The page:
All's in vain. All is in vain.
That's what I want. That is what I want.
The scar on's cheek. The scar on his cheek.
How d' ye do? How do you do?
D'ye go to-day. Do you go to-day?
I'll come t'ye. I shall come to you.
That is cur'ous• That is curious.
'T wouldn't do. It would not do.
I insist on't. I insist on it.
I have't here. I have it here.
The castle stands upon't. The castle stands upon it.
O'the rock, I mean. On the rock, I mean.
What's that, i'th' name of
wonder I wonder what that is.
I knew't before. I knew it before.
What's the price o't? What is the price of it.
'Twere better not. It were better not.
He will do't himself. He will do it himself.
An't please you. If it please you.
They're still here. They are still here.
They've done't now. They have done it now.
They'd be wrong to do it. They would be wrong to do it.
They'll come soon. They will come soon.
You're not going. You are not going.
You've mistaken. You have mistaken.
You'll find it there. You will find it there.
You'd be wrong. You would he wrong.
We're all ready. We are all ready.
We've been there. We have been there.
We'll come to-morrow. We shall come to-morrow.
We'd endeavour to be come. We would endeavour to come.
There's life in't. There is life in it.
He does not go p'rhaps. He does not go perhaps.
I s'pose so. I suppose so.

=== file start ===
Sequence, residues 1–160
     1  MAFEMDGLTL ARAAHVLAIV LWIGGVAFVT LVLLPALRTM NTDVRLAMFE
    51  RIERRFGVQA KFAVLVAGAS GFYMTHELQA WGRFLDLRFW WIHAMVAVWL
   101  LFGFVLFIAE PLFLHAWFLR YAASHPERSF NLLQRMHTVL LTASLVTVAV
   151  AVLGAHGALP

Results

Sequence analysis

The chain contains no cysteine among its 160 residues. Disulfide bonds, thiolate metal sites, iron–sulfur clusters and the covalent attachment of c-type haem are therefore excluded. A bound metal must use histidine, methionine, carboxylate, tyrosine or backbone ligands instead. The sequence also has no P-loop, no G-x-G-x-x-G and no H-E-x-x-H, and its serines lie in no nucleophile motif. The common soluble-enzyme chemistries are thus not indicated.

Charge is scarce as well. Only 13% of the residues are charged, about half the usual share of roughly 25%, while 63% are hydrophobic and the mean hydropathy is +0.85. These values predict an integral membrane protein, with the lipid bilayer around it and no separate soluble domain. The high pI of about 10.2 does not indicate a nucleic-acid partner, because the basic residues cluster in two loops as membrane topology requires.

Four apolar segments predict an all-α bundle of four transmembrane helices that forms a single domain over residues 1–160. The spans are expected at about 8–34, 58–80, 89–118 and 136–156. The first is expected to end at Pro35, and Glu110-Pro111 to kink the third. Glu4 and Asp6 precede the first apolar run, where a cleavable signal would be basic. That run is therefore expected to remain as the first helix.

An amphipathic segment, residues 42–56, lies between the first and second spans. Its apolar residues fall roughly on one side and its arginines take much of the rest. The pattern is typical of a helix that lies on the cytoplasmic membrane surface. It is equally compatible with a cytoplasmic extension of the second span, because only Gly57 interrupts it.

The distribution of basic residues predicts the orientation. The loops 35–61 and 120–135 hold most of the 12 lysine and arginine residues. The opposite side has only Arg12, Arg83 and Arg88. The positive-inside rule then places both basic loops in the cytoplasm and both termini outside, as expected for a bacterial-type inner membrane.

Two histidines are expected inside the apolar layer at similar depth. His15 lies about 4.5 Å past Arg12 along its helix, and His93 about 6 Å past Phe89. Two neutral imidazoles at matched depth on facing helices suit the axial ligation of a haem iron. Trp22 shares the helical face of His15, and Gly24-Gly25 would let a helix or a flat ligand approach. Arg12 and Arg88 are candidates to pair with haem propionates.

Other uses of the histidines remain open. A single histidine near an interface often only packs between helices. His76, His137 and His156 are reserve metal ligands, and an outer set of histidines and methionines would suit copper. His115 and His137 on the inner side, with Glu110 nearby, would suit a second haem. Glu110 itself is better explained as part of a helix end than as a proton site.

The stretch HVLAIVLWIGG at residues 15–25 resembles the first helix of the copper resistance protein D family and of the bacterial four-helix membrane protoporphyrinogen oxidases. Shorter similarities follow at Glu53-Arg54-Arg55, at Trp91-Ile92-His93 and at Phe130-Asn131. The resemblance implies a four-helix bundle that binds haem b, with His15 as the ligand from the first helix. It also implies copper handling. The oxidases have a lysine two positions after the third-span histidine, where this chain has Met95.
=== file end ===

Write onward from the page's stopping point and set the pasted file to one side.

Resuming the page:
A very li'lle of it. A very little of it.
The parson was there. The pars'n was there.
The rule, in writing and printing, followed at
present, is to employ no contractions which
can be avoided; and the same rule is applicable,
in a great measure, to speaking, or at
least it is becoming every day more fashionable
in the polite world to avoid all contractions.
As the aim of this little work is correct
speaking, not correct writing, the vulgarities
which are reprobated are chiefly taken from
those that occur in conversation; but the following
very singular instance from a modern
poet, usually distinguished for his elegance and
precision of language, I think deserves notice:
That's hallow'd ground, where, mourn'd, and miss'd,
The lips repose our love has kiss'd;
But where's their memory's mansion? Is't
Yon church yard bowers?
Mr. Horne Tooke, in his ingenious work,
the DIVERSIONS OF PURLEY, has shown that
the lazy habit of contracting words has infected
all languages, and produced modifications
of sounds exceedingly different from the original
words. These, in process of time, become
established, are used by the most polite
speakers — by every body indeed who speaks
the language, and consequently are no longer
to be considered vulgar, in the same way as we
have seen in several instances in the preceding
pages. I shall here give a specimen of these
"winged words," as the ingenious author, after
Homer, denominates them.
The word "if," then he says, is a contraction
of "give," which in the old Saxon times was pronounced "gif," as it is at present in the
North. "If," therefore means "grant" or